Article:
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Taylor Strickland


Life is blemished and golden
moonglow, a lichen borne of love,
the fruiting body you did not become.
Or did you? We couldn’t keep you
hidden in the tussocks of panic
forever, but when you kicked,
fifth instar to a shimmering
green, you were still our little secret.
You quickened into life and through
your mother as she began to darken
with the days: hips to belly button
enclosed a faint line, smile mottled,
a mask cracked into mosaic,
and all during the first trimester.
Too early. I said we’re too young.
Never said I was
afraid, but I was. So afraid
I couldn’t hear what your mother was
afraid of, this being her one chance.
I didn’t see, didn’t see
behind surfaces of lichen-grey
overgrowing everything
what you were meant to be: summer’s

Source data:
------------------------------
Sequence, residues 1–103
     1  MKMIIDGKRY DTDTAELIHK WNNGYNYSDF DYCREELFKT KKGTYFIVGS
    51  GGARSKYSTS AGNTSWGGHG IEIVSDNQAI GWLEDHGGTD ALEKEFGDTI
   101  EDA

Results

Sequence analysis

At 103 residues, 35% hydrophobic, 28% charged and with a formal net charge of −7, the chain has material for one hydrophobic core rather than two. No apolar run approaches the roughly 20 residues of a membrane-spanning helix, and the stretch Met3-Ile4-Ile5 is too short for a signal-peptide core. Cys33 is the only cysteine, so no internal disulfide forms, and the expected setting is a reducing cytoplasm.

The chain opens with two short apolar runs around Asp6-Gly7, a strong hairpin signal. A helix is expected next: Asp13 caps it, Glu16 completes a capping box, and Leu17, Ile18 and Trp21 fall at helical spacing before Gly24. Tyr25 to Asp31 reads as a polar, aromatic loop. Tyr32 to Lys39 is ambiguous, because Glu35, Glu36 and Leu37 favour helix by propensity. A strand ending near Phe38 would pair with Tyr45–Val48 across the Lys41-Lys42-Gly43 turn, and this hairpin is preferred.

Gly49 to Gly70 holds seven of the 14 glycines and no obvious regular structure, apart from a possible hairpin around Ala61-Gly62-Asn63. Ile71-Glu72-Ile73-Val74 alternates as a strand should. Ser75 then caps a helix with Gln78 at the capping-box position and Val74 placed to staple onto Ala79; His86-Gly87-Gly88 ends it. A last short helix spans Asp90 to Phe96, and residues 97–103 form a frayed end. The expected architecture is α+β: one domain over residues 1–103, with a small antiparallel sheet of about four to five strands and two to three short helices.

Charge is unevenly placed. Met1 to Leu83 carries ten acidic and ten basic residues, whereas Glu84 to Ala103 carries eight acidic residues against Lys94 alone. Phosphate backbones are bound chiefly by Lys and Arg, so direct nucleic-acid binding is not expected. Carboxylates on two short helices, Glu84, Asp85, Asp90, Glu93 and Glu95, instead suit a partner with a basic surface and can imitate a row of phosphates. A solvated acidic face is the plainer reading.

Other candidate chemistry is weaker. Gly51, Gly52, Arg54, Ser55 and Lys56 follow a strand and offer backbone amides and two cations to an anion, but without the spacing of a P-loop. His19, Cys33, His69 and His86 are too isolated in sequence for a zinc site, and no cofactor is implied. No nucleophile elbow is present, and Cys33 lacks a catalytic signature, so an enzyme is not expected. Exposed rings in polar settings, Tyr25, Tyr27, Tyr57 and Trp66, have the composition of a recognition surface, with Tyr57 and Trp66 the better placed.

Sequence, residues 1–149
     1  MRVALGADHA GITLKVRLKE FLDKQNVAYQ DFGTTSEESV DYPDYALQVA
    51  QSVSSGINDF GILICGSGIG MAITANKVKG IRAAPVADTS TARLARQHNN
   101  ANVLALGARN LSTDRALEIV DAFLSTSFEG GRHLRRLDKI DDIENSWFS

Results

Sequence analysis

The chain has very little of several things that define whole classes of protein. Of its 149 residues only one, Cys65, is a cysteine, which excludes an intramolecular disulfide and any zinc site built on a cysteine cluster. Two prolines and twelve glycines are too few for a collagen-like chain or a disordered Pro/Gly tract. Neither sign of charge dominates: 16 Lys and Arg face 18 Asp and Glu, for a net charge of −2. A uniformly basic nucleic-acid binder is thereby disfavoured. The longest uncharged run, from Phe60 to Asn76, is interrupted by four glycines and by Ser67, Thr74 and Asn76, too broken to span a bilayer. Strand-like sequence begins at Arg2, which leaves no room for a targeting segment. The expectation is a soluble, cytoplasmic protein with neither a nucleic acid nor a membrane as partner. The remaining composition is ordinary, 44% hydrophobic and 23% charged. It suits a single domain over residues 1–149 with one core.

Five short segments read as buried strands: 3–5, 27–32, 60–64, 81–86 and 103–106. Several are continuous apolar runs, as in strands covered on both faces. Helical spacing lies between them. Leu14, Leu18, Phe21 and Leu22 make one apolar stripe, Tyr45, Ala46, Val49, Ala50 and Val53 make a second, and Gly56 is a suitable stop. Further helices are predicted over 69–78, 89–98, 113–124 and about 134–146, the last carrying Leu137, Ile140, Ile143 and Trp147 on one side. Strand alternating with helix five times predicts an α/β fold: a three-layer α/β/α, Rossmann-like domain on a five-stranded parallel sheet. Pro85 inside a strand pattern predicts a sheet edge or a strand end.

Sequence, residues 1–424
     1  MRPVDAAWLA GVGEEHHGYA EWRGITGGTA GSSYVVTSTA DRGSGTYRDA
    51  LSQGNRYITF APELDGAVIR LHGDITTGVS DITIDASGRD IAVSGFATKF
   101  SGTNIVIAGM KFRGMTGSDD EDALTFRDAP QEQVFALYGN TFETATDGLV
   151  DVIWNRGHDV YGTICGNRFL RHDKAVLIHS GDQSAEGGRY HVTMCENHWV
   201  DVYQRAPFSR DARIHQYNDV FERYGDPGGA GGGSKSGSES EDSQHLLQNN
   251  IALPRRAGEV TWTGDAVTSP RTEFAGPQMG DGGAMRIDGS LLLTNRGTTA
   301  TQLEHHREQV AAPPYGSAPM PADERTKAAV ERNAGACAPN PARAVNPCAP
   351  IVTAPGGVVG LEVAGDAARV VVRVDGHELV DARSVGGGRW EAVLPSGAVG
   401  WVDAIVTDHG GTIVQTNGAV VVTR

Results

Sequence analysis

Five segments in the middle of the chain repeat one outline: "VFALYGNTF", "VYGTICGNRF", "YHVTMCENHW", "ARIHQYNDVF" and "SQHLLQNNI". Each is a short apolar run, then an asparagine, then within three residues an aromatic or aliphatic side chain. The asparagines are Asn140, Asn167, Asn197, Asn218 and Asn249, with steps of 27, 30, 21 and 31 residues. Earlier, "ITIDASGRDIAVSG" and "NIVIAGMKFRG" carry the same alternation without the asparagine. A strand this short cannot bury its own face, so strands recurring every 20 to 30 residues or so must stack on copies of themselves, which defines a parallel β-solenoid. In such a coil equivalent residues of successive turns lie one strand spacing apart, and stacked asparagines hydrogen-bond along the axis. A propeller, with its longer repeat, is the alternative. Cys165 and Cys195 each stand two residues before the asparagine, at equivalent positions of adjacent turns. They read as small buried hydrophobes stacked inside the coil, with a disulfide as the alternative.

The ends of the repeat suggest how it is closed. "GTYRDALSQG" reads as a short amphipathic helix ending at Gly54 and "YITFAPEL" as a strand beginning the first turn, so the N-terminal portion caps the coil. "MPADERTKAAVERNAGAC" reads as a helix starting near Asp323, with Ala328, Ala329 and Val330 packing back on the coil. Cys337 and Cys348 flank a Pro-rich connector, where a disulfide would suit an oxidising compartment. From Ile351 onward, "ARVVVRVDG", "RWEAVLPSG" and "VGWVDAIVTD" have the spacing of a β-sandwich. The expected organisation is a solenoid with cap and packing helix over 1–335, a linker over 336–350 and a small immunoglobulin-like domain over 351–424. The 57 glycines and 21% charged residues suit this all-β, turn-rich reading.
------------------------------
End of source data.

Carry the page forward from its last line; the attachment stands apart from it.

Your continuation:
day-flying butterfly, our mountain ringlet,
rare in your desire for montane air.
Instead you were turned to script lichen,
forked, curved letters no one would believe,
not even me. When the floor
revealed you were bloodspot lichen
I knew what I had done.
Even now, six years since your mother and I
rinsed our fingers clean, I still liken you
to chrysalis, a black word. Black after green,
after regret. The wound death brings
is the afterlife.

previously featured in Poetry Review, Autumn 2021

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